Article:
“Korra.” Mithrandir followed her as she left the office. His hand was gentle but firm on her arm. “I have one more request of you, should you happen upon old friends of mine.”
“What do you need?”
Her first task was her most solemn one, and also the closest to her heart. Besides her, there were only two members of her company that remained. Some Captain, she thought. A Captain of Three.
She found them in a little pub on the second level. Brightly decorated, The Candle and the Lantern had managed to survive the Siege mostly intact. Haladreth and Farandren were cousins, Rangers originally from the forests near Lindon who had become good friends to Korra over the years. They were green eyed and weathered by experience. Neither had ever let Korra live down the stunt she’d pulled trying to impress Farandren. Their companion was a brown-skinned elf who nodded at Korra as she took a seat.
“This is Korra,” Farandren explained, gesturing at her. She scarcely had to say any more.
“So this the infamous Korra.” The elf smiled, and held out her hand. “I’m Avarian.”
“You just had to tell her the story, didn’t you.”
“How could we resist?” Haladreth toasted Korra with her drink and a teasing smile.
The teasing buoyed her mood for a brief moment.
Avarian shook her head, “Did you really tell Haladreth to hold your ale before you wrestled the bear?”
Sighing dramatically, Korra reached down her tunic and pulled out a necklace. Dangling from it was a bear claw. “I won, didn’t I? And we had enough meat for two months.”
“And I had to sew up your arm,” Haladreth reminded her. “And your stomach. Your grandmother had words about my work.”
“Every scar is like a story,” Farandren interjected. “Let her have hers, as foolish as they might be.”
“You were impressed, admit it.” Korra rested her elbows on the table and her chin on her hands.
“Perhaps a little bit.”
Korra leaned over and whispered loudly to Avarian. “That was how I got my first kiss.”
Their laughter rang out through the tavern, and the four settled into drinking, conversation and storytelling that lasted well into the evening. They all conspicuously avoided recent events, settling instead on fond memories. Haladreth spoke of her first hunt and how she’d tracked a specific deer for three days before she’d realized it was actually following her.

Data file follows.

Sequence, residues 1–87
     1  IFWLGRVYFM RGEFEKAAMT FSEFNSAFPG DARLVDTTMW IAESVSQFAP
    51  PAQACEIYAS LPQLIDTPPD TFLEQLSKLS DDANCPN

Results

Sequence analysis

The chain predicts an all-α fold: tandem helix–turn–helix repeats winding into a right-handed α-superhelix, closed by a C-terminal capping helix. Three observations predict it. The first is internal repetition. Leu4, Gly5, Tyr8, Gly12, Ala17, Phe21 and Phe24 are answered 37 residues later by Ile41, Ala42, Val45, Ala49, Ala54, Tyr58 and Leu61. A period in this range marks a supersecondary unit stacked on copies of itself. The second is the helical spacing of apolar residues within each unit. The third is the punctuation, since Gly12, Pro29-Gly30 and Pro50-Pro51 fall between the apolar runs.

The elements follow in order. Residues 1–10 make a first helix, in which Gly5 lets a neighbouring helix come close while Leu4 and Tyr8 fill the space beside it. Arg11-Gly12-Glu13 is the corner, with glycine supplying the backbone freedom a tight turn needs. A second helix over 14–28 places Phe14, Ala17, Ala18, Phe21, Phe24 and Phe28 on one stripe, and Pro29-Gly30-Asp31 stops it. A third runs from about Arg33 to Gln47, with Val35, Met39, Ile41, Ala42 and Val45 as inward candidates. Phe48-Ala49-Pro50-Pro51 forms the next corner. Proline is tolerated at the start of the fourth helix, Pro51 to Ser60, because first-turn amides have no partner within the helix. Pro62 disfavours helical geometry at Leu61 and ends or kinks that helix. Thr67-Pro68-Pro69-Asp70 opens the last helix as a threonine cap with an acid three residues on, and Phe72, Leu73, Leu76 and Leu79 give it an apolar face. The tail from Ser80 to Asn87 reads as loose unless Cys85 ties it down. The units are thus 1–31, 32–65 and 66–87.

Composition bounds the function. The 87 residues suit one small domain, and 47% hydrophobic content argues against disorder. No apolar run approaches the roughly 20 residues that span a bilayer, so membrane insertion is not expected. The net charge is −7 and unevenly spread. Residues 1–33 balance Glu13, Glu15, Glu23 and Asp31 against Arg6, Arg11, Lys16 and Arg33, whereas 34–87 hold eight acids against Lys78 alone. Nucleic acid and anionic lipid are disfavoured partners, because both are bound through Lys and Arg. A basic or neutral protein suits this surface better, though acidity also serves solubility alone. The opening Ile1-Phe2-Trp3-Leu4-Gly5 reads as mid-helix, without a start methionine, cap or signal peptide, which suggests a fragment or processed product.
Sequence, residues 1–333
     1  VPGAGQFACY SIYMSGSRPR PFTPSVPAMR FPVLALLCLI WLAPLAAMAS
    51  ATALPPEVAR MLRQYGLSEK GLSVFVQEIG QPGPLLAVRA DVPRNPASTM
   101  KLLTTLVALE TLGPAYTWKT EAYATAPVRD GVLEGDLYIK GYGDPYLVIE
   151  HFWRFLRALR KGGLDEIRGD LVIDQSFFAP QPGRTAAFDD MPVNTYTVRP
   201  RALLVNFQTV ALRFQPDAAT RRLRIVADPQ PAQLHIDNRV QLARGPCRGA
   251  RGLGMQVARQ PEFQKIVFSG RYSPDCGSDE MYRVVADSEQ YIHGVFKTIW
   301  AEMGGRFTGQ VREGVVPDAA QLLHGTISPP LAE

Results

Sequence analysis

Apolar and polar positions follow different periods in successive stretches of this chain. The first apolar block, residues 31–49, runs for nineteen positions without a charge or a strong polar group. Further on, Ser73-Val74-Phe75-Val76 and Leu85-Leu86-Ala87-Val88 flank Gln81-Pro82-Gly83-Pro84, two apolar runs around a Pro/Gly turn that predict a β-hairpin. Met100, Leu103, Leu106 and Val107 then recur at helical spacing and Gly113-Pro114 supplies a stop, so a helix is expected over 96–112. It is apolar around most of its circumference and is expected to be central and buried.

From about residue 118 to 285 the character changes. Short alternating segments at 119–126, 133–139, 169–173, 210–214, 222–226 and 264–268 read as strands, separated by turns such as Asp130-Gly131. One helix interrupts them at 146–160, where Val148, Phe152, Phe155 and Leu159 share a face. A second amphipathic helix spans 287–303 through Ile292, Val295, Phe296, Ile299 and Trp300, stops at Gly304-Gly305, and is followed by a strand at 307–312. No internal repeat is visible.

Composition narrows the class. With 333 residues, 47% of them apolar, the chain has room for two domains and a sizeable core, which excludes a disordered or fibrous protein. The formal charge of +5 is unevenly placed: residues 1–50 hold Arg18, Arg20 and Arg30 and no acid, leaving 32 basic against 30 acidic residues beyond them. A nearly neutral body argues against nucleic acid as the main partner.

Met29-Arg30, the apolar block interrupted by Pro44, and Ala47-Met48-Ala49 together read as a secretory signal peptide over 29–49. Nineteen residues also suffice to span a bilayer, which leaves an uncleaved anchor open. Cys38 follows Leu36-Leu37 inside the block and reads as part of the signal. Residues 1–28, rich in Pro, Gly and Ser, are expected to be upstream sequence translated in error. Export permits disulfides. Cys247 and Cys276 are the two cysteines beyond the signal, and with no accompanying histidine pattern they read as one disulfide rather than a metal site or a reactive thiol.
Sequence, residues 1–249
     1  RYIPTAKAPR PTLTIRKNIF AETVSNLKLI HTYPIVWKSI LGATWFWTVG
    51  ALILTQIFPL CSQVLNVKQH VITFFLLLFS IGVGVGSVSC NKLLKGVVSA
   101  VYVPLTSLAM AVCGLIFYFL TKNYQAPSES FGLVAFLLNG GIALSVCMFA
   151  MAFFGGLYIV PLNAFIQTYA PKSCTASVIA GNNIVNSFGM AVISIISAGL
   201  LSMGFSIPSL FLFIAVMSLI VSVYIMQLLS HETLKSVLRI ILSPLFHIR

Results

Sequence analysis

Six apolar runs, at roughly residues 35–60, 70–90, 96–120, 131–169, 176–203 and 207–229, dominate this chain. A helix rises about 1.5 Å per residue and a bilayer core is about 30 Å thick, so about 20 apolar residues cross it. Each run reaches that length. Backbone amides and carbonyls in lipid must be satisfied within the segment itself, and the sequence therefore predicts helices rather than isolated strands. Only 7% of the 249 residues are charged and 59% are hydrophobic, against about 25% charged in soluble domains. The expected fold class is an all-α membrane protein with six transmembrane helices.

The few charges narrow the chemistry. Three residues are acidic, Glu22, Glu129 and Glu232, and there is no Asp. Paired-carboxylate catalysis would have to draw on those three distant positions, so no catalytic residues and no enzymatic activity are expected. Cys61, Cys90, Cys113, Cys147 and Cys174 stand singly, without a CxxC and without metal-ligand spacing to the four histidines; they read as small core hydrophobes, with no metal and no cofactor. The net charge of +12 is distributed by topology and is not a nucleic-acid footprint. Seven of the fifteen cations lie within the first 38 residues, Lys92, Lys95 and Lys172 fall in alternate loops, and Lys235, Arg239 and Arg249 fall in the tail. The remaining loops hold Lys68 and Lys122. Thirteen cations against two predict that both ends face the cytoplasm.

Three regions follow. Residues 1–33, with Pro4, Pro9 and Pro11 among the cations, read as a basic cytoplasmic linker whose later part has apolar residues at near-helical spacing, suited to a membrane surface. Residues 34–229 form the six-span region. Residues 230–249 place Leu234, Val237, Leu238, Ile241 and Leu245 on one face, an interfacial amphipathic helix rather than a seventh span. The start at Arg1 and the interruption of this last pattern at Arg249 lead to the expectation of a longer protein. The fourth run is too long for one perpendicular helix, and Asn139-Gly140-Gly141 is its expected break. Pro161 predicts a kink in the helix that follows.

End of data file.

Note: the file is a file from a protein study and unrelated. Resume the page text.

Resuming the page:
Avarian described Numenor for them, having once visited in the years before darkness fell over the island and elves were no longer welcomed. Thanks to Avarian, Korra could see in her mind’s eye the tall obelisks and buildings and the places of worship, with the holy mountain that overlooked it all. She could hear how the people laughed and how they smiled.
“Those were good times,” Avarian said. “Then, in time, they lost the old ways and evil took hold. But I’m sure you know that history.”
“I do.” The jingling in her pouch reminded Korra of why she was here. She didn’t want to pass this responsibility onto others, but she might never return home. Their kin deserved a token of those who had fallen so far away. “You’ve reminded me of something. I don’t want to spoil the evening, but it’s important.”
Pulling the pouch out, Korra set it on the table in front of her. “I’ve been asked to go on a quest by Elessar. I had planned to take these home, but I may not get that chance.”
Carefully, she opened the pouch and pulled out one of the silver stars. “These belong with our kin, with the families of those we lost here in the south.”
Avarian held out her hand. “May I?”
Nodding, Korra handed Avarian the star. Avarian looked it over, studying it with the eye of one who knew jewellry and gems. “They’re beautiful.” She seemed to come to a decision, weary sadness in her eyes. “I knew Laeriel. Her brother and I are … close. I’d like to return this to him, if you would allow me.”